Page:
Mixed Media Kitchens

2017-10-27T07:52:25+00:00

[gdlr_image_link type=”image” image_url=”” link_url=”” alt=”” target=”_blank”]NASHVILLE. Sleek and smooth were once the desired look for any high-end kitchen. But today’s kitchens are also the backdrop of our family gatherings and provide a focal point that delivers something approaching soul to a home. Many times we find that our guests and family wind up in the kitchen no matter how inviting our other spaces may be. The demand for kitchens to provide texture and character to a home are exciting design opportunities.

“People are breaking away from the concept of matching,” says Danielle Dunn, a design specialist with Architectural Granite and Marble in Nashville. Her company is a supplier for stone slab and tile. Beyond granite, Danielle notes that her customers enjoy installing a variety of surfaces. Her company is a supplier for stone slab and tile and offers soapstone, limestone, antique fire brick, terra cotta, and a pebbled island style of stone. The beauty is in the mix, she says.

More and more, metals are the choice for architectural features beyond stove hoods, to include backsplashes and countertops. “People are adding metals to avoid a space feeling contrived, or monotonous, just to break up the texture,” says Jill Fedie, regional manager with Francois & Co. tile and stone. Countertops made from pewter, copper, brass, or zinc are becoming ways to add an element of glamour and functionality to a kitchen.

Hardwood floors are still preferred in kitchens because can flow so easily throughout the rest of the house, and are ideal for today’s open floor plans says Todd Tate with Jeffco Flooring. However, people are opting for hardwood to be finished with alternative stain finishes or with neutral colors such as a new offering named ‘of-the-moment grey.’ “There is also a new finish in our market called ‘Rubio monocoat,’ that allows the wood flooring to look much more natural.”

Unsure of how much texture or color is too much? Begin to collect photos you come across online or in magazines for inspiration and guidance. “A photo of the style or texture you ultimately want to achieve always helps us meet expectations,” says Dunn with Architectural Granite and Marble. “And never underestimate a little bit of gut instinct and creative thinking,” she adds. “You want a design project to be cohesive enough, so that everything is not competing for attention,” says Fedie with Francois and Co. “At some point we have to guide an indecisive customer to help them identify their favorite options and to work with these elements to make a kitchen blend its layers well,” she says. Generally, three or four elements are the maximum to work with, he advises. Beyond this mix, the project can become overwhelming.”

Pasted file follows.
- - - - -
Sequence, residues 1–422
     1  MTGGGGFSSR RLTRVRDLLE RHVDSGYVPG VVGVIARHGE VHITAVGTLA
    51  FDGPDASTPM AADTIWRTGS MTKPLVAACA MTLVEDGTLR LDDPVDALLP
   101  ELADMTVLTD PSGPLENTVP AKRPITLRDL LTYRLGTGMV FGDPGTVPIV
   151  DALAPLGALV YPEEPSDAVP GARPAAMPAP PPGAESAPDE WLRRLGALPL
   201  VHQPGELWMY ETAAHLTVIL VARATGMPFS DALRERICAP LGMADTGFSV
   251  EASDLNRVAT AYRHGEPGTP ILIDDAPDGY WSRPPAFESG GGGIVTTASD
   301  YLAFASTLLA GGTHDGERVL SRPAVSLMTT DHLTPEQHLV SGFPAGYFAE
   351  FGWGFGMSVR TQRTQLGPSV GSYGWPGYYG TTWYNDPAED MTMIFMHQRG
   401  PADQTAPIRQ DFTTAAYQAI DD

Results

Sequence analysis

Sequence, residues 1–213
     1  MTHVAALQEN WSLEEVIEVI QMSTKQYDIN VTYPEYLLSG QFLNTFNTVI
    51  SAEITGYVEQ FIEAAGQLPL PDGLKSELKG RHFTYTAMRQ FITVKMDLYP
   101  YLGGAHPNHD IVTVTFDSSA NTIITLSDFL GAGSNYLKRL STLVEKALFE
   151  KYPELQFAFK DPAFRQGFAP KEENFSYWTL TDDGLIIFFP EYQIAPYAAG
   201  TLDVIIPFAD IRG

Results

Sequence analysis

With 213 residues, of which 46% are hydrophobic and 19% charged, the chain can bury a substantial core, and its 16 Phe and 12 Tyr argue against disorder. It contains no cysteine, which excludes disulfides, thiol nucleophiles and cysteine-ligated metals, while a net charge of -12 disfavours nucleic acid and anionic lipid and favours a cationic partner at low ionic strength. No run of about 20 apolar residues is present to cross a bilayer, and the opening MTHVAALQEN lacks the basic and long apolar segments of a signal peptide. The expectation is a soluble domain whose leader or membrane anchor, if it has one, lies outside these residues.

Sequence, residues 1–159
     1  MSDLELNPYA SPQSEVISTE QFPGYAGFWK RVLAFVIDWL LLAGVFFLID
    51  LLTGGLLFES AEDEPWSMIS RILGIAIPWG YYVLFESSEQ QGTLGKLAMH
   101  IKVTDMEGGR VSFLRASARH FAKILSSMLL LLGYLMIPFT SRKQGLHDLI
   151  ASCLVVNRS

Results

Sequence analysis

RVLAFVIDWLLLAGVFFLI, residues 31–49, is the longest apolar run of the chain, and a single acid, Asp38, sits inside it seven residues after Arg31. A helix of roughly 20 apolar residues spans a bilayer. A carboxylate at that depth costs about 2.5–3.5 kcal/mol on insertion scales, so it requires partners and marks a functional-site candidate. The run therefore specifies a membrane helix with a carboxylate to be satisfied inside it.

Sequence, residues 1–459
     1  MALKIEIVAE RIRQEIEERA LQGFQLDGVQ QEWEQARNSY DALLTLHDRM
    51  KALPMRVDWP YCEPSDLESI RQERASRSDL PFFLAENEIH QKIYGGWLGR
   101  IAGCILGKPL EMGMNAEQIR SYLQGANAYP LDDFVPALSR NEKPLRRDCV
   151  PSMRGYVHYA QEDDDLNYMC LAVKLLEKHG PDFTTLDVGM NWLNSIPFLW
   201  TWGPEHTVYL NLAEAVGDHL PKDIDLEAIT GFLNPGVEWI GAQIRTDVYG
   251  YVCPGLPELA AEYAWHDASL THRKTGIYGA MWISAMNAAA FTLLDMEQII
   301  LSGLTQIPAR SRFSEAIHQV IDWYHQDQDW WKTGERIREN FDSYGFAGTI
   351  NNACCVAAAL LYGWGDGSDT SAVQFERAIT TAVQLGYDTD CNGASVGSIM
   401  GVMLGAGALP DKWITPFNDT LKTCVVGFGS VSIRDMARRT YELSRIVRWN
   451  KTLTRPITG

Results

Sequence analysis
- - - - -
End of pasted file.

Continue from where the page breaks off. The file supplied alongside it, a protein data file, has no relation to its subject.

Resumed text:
While various surface materials beyond granite or low-rent laminate require different approaches for care and maintenance beyond a spray and wipe, Jill Fedie adds that most routines are simple with a focus on being proactive. “Marble may etch slightly and show some wear, but you just have to be knowledgeable and slightly more cautious with it,” Dunn explains. A reputable supplier such as Architectural Granite and Marble can advise. “People love our marble and use this surface in their kitchen all the time. It’s beautiful. We advise them to use the honed side (vs. the heavily polished side) of the marble because it doesn’t show scratches as easily.”

Jill Fedie agrees marble can be a bit of a challenge, which is why pewter from Francois and Co. can be such a great option. “Since people are going to use their counters for everything from rolling out pizza dough to placing a hot pan on its surface, why not go with a metal?”  While any metal can scratch, designers say you want your countertop to age just a little bit designers note, and pewter comes in a culinary-grade type and is naturally a non-porous, antibacterial material.

Dunn’s company, Architectural Granite and Marble, also offers man-made materials that offer a textured look with fewer maintenance concerns. “We started carrying our own brand of processed quartz called ‘MetroQuartz’ which comes in 20 different colors.” MetroQuartz is fairly stain and scratch resistant and can be cleaned with typical countertop cleaner. Natural granite and marble require a stone cleaner.

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